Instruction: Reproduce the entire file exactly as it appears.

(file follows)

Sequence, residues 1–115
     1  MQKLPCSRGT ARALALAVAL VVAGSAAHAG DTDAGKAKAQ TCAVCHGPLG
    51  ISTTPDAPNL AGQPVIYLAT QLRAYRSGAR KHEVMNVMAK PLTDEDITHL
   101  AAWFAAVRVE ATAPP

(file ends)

Sequence, residues 1–115
     1  MQKLPCSRGT ARALALAVAL VVAGSAAHAG DTDAGKAKAQ TCAVCHGPLG
    51  ISTTPDAPNL AGQPVIYLAT QLRAYRSGAR KHEVMNVMAK PLTDEDITHL
   101  AAWFAAVRVE ATAPP